Welcome back to Throwback Thursday! This is the place where we get to indulge in nostalgia and wax poetic about excellent metal of years past. On February 14th, 1992, Wayne's World was born unto the masses. Starring modern comedy legends Mike Meyers and Dana Carvey, TBT 40 is here to bring you the party with a crappy film you shouldn't care about even in the slightest…. NOT.
Movie Studio: Paramount
Welcome to Wayne's World – the story of two basement-dwelling metal heads, Wayne Campbell and Garth Algar, who have their own hilarious public access show. Scummy TV exec Benjamin Oliver (played by ever-chiseled Rob Lowe) picks up the homegrown program for a mainstream network, and Wayne and Garth think that they've made it. In case you haven't seen the movie, I'll keep today's post spoiler-free. But the plot of Wayne's World isn't what makes this movie memorable or note-worthy. The characters are.
Wayne Campbell still lives at home with his mom. He has never been gainfully employed, and always wears his iconic outfit – ripped up jeans, black t-shirt and Wayne's World logo cap. His best friend, Garth, is a frizzy-haired, bespectacled shy-guy whose introversion plays perfect with Wayne's 4th-wall breaking, wise-crack makin' extroversion. Their best friendship reminds me so much of my own best friendship, and that's where this movie moves beyond entertaining to great – Wayne and Garth feel like they could be your friends.
They're not here to impress you with fancy cars (though I always thought the merthmobile was the coolest), and they're certainly not afraid to be who they are – even if that includes drinking the jelly of a filled-doughnut with a straw. I imagine that, were they real, they'd get your eccentricities, go to rad shows with you, and most importantly schwing at hot babes with you. They are the expression of such a generic, but positive, stereotype of 90's era metal heads – and I love it. Check out this now infamous scene starring the merthmobile, a few metalbro goon-friends, Queen, and headbanging:
I'm not saying Queen wasn't big before this, but this slice-of-life propelled this song and this moment into the popularity stratosphere. And if the description of 'generic' rubs you the wrong way, I view it was a simple positive. The basis of Wayne's relationships with his friends includes: Going out to the local hot spot, a love of metal music, getting grub, and being goofy. What more do you really need to have a good time? In that way, Wayne are Garth are all of us. Even the opening shots of the film's setting, sleepy Aurora Illinois, bring this flick down to Earth. Typical, unremarkable places in a home town like the local White Castle or guitar shop are shown in easy glimpses and make the film feel unpretentious and familiar.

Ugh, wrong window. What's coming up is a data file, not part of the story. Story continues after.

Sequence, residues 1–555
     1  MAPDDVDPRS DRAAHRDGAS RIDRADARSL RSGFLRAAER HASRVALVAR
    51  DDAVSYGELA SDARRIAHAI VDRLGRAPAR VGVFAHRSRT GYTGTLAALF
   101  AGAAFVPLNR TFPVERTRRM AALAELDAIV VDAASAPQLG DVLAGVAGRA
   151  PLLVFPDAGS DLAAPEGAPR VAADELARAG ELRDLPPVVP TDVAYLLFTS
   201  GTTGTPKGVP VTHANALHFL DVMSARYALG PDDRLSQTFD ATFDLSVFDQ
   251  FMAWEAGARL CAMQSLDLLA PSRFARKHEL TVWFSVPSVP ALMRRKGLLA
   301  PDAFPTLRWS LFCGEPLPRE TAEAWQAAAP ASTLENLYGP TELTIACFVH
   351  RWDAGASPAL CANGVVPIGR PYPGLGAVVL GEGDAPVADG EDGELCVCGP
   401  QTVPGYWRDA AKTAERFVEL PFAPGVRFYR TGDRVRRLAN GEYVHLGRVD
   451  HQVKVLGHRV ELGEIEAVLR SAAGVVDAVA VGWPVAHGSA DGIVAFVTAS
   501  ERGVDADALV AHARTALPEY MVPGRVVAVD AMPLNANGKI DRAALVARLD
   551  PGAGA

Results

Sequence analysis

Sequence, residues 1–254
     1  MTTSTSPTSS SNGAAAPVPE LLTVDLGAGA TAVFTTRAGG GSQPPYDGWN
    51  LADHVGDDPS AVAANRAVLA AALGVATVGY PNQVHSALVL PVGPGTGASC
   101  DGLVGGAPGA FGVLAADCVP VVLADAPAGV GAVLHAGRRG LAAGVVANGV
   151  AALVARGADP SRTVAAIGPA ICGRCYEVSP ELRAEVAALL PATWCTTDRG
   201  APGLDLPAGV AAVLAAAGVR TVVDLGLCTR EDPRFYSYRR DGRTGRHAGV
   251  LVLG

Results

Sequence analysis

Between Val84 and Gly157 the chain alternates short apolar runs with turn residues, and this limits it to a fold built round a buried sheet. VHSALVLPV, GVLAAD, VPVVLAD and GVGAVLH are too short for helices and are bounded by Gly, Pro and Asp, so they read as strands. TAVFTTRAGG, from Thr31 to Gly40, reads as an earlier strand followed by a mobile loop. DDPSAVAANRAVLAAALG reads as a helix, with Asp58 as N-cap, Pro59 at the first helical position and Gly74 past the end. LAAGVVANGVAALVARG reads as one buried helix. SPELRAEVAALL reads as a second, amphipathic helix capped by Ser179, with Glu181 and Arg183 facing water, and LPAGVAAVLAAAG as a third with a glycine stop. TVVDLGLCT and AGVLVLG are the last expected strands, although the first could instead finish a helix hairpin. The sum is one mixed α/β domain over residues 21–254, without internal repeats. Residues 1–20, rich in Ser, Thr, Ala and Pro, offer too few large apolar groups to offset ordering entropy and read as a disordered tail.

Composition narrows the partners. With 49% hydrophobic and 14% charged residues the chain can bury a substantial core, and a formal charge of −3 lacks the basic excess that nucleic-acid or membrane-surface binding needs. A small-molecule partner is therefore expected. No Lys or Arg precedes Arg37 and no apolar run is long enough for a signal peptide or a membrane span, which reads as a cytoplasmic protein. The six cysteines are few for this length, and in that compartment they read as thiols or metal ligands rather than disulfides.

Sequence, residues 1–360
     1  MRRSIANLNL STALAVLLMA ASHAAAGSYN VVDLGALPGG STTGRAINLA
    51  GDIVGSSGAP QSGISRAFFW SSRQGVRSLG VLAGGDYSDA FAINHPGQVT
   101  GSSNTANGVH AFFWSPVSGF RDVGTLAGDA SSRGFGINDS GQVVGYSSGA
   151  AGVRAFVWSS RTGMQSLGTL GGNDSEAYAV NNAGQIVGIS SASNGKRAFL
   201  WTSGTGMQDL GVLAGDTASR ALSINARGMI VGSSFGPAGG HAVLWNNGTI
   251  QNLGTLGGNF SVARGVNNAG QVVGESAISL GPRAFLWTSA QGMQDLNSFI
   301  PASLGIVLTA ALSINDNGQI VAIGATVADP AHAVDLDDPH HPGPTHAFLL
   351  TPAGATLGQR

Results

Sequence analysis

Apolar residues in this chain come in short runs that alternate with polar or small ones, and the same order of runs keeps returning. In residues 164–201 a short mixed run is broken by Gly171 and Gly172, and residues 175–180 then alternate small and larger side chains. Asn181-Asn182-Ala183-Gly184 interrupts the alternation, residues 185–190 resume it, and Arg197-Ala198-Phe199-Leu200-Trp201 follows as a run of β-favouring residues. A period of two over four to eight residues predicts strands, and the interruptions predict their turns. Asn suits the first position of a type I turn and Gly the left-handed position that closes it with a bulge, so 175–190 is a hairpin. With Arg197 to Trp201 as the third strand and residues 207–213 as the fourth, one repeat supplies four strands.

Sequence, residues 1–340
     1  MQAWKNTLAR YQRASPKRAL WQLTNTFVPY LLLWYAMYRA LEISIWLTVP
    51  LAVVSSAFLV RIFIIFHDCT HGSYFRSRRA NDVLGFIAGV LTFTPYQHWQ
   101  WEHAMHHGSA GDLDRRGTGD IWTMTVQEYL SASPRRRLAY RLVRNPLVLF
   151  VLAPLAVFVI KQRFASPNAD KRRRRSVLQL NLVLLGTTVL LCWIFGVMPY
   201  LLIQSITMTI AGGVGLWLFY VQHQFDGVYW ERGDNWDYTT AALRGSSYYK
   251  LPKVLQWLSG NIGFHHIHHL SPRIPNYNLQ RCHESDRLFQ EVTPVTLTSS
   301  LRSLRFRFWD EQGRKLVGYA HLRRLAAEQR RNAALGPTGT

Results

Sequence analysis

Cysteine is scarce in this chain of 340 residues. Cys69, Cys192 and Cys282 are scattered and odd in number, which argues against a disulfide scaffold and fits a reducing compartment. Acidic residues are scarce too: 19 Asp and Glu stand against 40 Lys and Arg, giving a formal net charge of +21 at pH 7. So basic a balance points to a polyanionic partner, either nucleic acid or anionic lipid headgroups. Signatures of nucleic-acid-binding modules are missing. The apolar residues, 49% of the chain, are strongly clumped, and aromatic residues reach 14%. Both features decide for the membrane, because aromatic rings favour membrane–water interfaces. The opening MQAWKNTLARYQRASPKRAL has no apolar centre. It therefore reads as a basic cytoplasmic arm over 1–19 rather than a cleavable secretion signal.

Mike Myers wrote the movie alongside Bonnie Turner and Terry Turner. The character of Wayne Campbell actually originated from Meyers while he was still a Canadian-based comedian. Campbell made his debut on the show It's Only Rock and Roll on the CBC. From there, Meyers was picked up by Saturday Night Live and the rest was history – Wayne and Garth met and their SNL sketch became wildly popular. Lorne Michaels, SNL creator and producer, also produced Wayne's World. The movie is one of the rare TV to movie spin-offs that is actually successful. Worldwide, the movie managed to net $183,100,000 at the box office. Not bad for two nerds.
I mean, seriously. Two underdog leading men demonstrate getting the show they want, the friends they want, the girls they want, and even the life they want just by being themselves. Their stark contrast to alpha-male Oliver is alluded to several times throughout the movie.
And if I'm being honest, I still can't talk to super hot dudes without getting clammy. Who hasn't had their own cutaway scene in their heads while staring at the one you desire most?
In between the skeleton of the plot we find the magic that is Wayne's World. Feel-good is such a generic way to describe this movie, but damn if it ain't true. It makes me happy every single time I watch it. As metal fans, we can relate to the outcast counterculture current of the story. What's even better is that throughout the film, Wayne and Garth are helped along by several mostly silent metal bros. These metal archetypes are there for the duo filming and editing, fixing their car, and partying with them at bars. They're everywhere, making the dominance of alternative culture a prevailing and likable theme. The juxtaposition of slick corporate culture versus authenticity is a theme revisited again and again, most notably by this scene:
What Wayne's World does so memorably is capture a nostalgia – before it was even gone. Tia Carrere is a freaking perfect choice to play Cassandra, Wayne's love interest/girlfriend. She actually super rocks in this film, because she does all of her own vocals. Check out one of my favorite songs from the film (and promotional video for Wayne's World):
The music in this film is just great. Plus the cameo from Alice Cooper, and the subsequent reaction, is just legendary.
"Yes, Pete. It is."
If you were looking for 5 more insightful reasons why Wayne's World is fucking great, check out The 5 Most Metal Things About WAYNE'S WORLD On Its 25th Anniversary.
If you haven't seen the film in a grip, or ever, treat yo' self to what should be a staple in every metal heads nostalgia collection. Thanks for stoppin' by and I'll see you all next week!